Breaking news, rankings, predictions and analysis all in one place.

College Basketball Preview 2013-14: 1. Kentucky Wildcats

1. Kentucky  Wildcats Lost in NIT

Last year's Kentucky squad had their usual load of McDonald's All-Americans but they could never get things together. Ryan Harrow wasn't an impact point guard, Kyle Wiltjer wasn't the difference-maker he was expected to be and the team never gelled. Not to mention Nerlens Noels' year-ending injury. This year, John Calipari brings in possibly the best recruiting class in college basketball history. Power forward Julius Randle should bring immediate scoring at the four spot, the Harrison twins should manage the backcourt and James Young is a quality swingman. Dakari Johnson has the talent to be an impact center from the beginning.

Backcourt: The big issue for Kentucky last year was point guard as Ryan Harrow struggled with inconsistency and turnovers. Archie Goodwin is gone and he never fit in at point guard either. Five-star point guard Andrew Harrison is ready to take over the important role. Harrison is a great ball handler and has proven he has the smarts and floor vision to be a great passer. His twin, Aaron, will likely spend time at shooting guard. Aaron is less of a playmaker than Andrew, but has a more proven shot and is a more dangerous scorer. Both play well together and are extremely competitive. Sure to get minutes behind the Harrison twins will be senior Jarrod Polson who gives the Wildcats experience, something they will definitely lack. Redshirt senior Jon Hood has had a career full of injuries in Lexington but should still be a contributor. He also brings experience and was on the Kentucky team that won a national championship. Junior guard Sam Malone is only going to be used if their are some injuries or if the Harrison twins struggle to adjust to the college game.

Frontcourt: The loss of shot-blocking center Nerlens Noel leaves a big vacancy at the center spot. 2012-2013 sixth man Willie Cauley-Stein should take over the spot. Cauley-Stein isn't as good as a shot-blocker as Noel nor Anthony Davis but is still a good defender. If he develops a mid range game and becomes a better rebounder he could have a magical sophomore year. The No. 1 overall rated power forward, Julius Randle, should make an impact immediately. Randle is a psychical forward who can help as a rebounder but is an extremely dangerous scorer. The lefty has good touch around the basket and can extend the floor.  Dakari Johnson also is coming in and could play the role Cauley-Stein did last role, as backup center. Johnson embraces contact a little more than Cauley-Stein and makes plays in it. He is a better rebounder, but is smaller and can be beat up by taller opponents. It isn't like he is small; he is 6-10 and can play above the rim. Sophomore Alex Poythress is also back after an average 2012-13. Poythress proved he was extremely athletic but he struggled to score at times and just wasn't the impact player Calipari expected him to be. He has the size (6-7) to be a quality starter at either small forward or power forward. Guard-forward James Young should see major minutes at the small forward spot. Young is a lethal shooter and uses his size to his advantage after smaller defenders. Another freshman, Marcus Lee, gives the Wildcats an athlete who can make plays right away. Lee is a great rebounder and has the athleticism to make some highlight plays. The Wildcats will lose Kyle Wiltjer, who will transfer to Gonzaga but he isn't a huge loss.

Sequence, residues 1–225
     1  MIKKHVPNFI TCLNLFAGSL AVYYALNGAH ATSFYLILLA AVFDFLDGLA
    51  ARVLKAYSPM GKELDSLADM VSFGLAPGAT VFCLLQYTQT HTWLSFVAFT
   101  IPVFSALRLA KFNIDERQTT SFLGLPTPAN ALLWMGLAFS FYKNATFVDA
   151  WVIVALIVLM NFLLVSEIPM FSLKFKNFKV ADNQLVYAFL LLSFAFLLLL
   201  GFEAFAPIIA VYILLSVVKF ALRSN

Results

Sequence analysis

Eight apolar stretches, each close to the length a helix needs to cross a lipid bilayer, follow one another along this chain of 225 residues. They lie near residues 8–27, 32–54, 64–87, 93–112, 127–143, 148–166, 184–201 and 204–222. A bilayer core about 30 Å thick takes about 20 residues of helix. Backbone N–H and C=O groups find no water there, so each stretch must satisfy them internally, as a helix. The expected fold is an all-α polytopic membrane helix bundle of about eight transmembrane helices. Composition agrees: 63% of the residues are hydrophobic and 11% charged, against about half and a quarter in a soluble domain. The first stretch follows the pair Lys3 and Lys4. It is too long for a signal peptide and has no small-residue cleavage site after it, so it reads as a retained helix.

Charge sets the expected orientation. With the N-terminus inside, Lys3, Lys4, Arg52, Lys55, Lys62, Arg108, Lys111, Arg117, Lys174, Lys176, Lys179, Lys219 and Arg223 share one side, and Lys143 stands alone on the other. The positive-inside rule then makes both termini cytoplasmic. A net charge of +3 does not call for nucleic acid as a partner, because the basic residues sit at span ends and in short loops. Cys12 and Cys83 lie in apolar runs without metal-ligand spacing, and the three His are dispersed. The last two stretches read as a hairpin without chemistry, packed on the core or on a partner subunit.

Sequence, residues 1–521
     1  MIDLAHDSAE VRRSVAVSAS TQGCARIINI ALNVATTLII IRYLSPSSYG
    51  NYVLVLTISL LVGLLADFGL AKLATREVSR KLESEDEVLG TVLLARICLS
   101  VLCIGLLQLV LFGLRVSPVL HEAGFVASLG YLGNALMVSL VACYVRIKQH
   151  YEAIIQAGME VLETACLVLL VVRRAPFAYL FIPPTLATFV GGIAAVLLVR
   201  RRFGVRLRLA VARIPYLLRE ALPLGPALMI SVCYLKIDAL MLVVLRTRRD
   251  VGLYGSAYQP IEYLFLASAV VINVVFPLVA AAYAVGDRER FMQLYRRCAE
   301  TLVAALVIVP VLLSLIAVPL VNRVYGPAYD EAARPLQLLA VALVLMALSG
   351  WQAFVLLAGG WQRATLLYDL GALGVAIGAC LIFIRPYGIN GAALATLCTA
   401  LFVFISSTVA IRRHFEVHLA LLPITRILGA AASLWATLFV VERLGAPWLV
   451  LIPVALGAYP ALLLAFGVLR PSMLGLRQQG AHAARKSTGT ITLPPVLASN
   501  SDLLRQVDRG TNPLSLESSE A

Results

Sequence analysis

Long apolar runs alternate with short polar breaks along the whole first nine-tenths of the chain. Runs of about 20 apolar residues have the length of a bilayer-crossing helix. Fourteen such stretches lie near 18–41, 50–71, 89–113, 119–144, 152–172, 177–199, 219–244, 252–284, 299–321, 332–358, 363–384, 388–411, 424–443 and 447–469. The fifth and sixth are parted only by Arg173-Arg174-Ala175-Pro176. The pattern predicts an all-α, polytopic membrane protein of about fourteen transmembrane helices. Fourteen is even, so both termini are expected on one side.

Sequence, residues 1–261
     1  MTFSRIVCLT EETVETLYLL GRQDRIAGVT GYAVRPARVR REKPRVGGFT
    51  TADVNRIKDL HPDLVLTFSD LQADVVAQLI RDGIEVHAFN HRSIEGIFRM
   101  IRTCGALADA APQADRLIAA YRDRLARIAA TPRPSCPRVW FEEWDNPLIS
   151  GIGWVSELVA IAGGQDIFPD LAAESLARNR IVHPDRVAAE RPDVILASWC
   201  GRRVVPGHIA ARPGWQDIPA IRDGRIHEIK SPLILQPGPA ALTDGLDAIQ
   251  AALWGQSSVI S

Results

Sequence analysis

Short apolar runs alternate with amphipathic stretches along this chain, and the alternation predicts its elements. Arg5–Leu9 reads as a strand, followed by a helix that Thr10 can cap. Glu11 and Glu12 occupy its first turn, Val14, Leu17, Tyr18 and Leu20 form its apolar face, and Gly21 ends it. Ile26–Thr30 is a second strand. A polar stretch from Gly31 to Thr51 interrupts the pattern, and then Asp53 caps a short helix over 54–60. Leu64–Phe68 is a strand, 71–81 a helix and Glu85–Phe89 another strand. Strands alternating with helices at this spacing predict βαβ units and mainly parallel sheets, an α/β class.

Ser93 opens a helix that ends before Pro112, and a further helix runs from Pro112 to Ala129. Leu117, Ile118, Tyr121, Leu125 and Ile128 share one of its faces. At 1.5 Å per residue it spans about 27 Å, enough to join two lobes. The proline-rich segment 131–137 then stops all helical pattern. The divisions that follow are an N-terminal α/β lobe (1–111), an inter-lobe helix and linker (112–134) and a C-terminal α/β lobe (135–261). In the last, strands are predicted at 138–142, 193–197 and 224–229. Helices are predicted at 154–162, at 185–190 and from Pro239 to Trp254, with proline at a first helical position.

Recruiting Rundown (according to
No.3 Prospect, No.1 PF Julius Randle, PF from MicKinney Texas
No. 5 Prospect, No.1 PG Andrew Harrison, PG from Richmond, Texas
No. 7 Prospect, No. 2 C Dakari Johnson, C from Bronx, New York
No. 8 Prospect, No. 3 SF James Young, SF from Rochester, Michigan
No.9 Prospect, No. 1 SG Aaron Harrison, SG from Richmond, Texas
No. 25 Prospect, No.9 PF Marcus Lee, PF from Antioch, California

PG Andrew Harrison, Freshman
SG Aaron Harrison, Freshman
SF James Young, Freshman
PF Julius Randle, Freshman
C Willie Cauley-Stein, Sophomore
Sixth Alex Poythress, Sophomore

Once more, Kentucky has the talent to win a national championship. They have size, shooting and playmaking ability to dominate the college basketball landscape once again. Though, as usual, there is questions whether all of these fantastic freshman can gel together and play to their potential. Leadership and experience may be an issue and the SEC isn't an easy conference, Florida could give them issues. Kentucky is ready for a huge turnaround and might even be able to keep the national championship in the Bluegrass State.

No comments:

Theme images by LUGO. Powered by Blogger.